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Marchionne vs. Market Watchers

by Bill Cawthon on


Last Monday, John Murphy, senior auto analyst for Bank of America Merrill Lynch Global Research, was in Detroit to present the latest version of the company’s industry forecast. Entitled “Car Wars 2015-2018: the U.S. Automotive Product Pipeline,” the study looks at products coming from the major automakers and makes predictions about costs, profitability and market share over the next three years.

In his paper, Murphy predicts that Chrysler’s market share will remain flat at 11.5%, GM’s will also remain constant at about 17.9% and that Ford’s will increase from 15.7% at the end of 2013 to 16.2% by 2017.

Murphy bases his predictions on strong Ford product rollouts but the gang in Dearborn is rolling the dice on two of the biggest changes.

sergio marchionneThe new aluminum-bodied F-series pickup and the U.S. introduction of the European Transit van are major gambles. They critical to Ford because the vehicles they replace, the current steel-bodied pickup and the E-series van, accounted for 36% of Ford Motor Company’s total 2013 sales. Each has been the leader in its segment for more than three decades. The new pickup’s aluminum body has already created some controversy and the new van will be facing a market that is notoriously conservative when it comes to change. The Mercedes-Benz Sprinter has been available in the U.S. since 2001 and its total deliveries for 2013 wouldn’t have made two month’s sales for the E-series.

In addition, it’s unlikely the latest new Mustang will make as much of a sales splash as the last new Mustang did. In 2005, Ford sold 168,530 of the newly retro-styled Mustang. At the time, the Ford pony car was the only player in the segment and the design was a major draw. By the end of 2013, Mustang sales had fallen 54% and it was being outsold by the Chevrolet Camaro.

Speaking of Fiat Chrysler Automobiles, Murphy said: “I think Marchionne’s targets of gaining four points of market share in the U.S. market are pretty aggressive and almost unattainable unless they do something very aggressive on pricing to take market share.”

However, looking at the Fiat Chrysler product plans through 2018, there seems to be no shortage of growth potential as all brands are looking at expansion into fresh turf. Entries into new segments, like B- and C-segment cars, new CUVs, the introduction of the Jeep Renegade and the return of the Wagoneer, the addition of the Doblo commercial van should all serve to grow Chrysler’s piece of the sales pie.

Murphy predicts an annual sales volume of 18 million light vehicles by 2018. An 11.5% share of that would be 2,070,000 sales. Chrysler had 1.8 million sales in 2013 and May 2014’s year-to-date results are 13% ahead of where they were in May 2013. If Chrysler can average even 6% growth in 2014, 2015, 2016 and 2017, its share of that 18-million-sale market will be 12.6%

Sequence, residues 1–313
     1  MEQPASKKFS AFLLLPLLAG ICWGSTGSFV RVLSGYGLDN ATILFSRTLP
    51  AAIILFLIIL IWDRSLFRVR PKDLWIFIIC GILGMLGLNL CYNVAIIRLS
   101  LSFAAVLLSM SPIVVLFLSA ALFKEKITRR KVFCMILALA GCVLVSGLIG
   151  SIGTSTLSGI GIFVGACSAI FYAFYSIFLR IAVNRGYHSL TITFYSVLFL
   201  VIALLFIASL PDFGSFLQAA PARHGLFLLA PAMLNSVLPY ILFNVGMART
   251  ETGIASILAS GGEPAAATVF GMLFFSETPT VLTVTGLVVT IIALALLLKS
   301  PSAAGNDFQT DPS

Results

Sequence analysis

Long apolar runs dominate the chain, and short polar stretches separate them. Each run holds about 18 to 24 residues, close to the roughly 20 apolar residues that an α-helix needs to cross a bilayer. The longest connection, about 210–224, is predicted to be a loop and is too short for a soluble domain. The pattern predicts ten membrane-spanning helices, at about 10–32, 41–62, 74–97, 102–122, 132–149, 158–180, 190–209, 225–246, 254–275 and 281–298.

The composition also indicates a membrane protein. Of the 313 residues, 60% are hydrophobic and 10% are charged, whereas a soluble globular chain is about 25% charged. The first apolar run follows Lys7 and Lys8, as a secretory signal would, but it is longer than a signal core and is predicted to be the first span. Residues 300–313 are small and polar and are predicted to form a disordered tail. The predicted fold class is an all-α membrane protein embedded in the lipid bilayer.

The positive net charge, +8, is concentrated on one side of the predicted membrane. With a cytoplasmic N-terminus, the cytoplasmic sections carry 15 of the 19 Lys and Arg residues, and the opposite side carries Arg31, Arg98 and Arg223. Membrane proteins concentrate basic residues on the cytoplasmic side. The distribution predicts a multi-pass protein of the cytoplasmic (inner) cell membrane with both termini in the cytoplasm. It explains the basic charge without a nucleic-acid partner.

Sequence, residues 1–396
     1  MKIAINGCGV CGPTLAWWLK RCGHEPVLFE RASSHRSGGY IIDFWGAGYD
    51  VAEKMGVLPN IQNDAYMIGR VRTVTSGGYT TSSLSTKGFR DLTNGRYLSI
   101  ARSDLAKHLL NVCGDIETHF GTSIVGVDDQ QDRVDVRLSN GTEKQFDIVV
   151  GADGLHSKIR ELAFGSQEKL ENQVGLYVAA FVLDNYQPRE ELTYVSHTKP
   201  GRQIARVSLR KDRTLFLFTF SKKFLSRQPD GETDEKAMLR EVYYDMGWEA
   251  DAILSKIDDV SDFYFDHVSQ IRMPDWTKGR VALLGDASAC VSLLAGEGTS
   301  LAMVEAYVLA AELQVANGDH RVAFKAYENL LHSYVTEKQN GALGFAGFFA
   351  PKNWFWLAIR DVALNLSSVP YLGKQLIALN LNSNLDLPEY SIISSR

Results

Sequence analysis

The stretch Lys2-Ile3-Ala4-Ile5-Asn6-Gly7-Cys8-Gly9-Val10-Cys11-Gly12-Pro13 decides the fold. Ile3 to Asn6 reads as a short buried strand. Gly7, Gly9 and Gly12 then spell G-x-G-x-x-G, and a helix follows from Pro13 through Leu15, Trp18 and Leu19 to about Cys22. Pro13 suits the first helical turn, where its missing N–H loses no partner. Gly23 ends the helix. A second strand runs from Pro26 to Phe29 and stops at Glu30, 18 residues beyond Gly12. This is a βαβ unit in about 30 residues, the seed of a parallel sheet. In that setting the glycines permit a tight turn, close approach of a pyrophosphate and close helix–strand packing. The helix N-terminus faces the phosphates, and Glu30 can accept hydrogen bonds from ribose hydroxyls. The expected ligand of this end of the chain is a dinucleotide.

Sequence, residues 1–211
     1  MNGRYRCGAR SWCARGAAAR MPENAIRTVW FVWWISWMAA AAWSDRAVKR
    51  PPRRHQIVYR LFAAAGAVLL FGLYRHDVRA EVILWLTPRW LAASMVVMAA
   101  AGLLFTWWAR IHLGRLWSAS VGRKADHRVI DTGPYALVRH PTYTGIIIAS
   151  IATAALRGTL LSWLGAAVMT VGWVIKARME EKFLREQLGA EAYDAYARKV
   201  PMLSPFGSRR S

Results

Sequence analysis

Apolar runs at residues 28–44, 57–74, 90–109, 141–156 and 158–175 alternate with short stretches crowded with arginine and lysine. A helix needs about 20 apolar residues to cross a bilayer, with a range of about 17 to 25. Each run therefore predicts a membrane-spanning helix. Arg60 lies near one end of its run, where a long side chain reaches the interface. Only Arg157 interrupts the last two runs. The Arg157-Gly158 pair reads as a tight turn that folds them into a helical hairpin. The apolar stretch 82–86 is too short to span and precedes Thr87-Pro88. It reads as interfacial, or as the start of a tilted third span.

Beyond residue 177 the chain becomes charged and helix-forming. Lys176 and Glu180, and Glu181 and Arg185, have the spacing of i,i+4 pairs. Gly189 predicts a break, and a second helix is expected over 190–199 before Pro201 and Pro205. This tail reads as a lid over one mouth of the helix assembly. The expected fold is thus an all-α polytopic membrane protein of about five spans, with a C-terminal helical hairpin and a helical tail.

Murphy’s share predictions are off to a poor start. Since the end of 2013, Ford’s market share has dropped from 15.9% to 15.5% while Chrysler’s has grown from 11.6% to 12.6% for the five months that ended in May. GM also lost a few tenths of a point.

About 3,750 miles east of Detroit, London-based market watchers were also critical of Fiat Chrysler Automobiles plans and want Marchionne to cut brands. But rather than cut brands, Marchionne has cut competition within the brands by realigning their target markets and focusing development on products that are unique to each brand while leveraging platforms to serve as many models as possible. When viewed as a whole, Marchionne’s plan is an implementation of GM president Alfred P. Sloan’s 1924 dictum, “A car for every purse and purpose.”

While past performance is no guarantee for future results, critics of FCA’s roadmap to the next five years might wish to consider which looks to be more difficult to achieve: the plan unveiled in May or the plan presented in November 2009?

Bill Cawthon grew up in the auto industry in the 1950s. His Dad worked for Chrysler and Bill spent a number of Saturdays down on the plant floor at Dodge Main in Hamtramck. Bill is also the U.S. market correspondent for, a British auto industry publication, and a member of the Texas Auto Writers Association, which has named the Jeep Grand Cherokee the “SUV of Texas” several times and named the Ram 1500 as the “Truck of Texas” two years running.

Bill has owned five Plymouths (including the only 1962 “Texan”), one Dodge and one Chrysler and is still trying to figure out how to justify a Wrangler. He also has owned at least one of every 1:87 scale model of a Chrysler product. You can reach him directly at (206) 888-7324 or by using the form.

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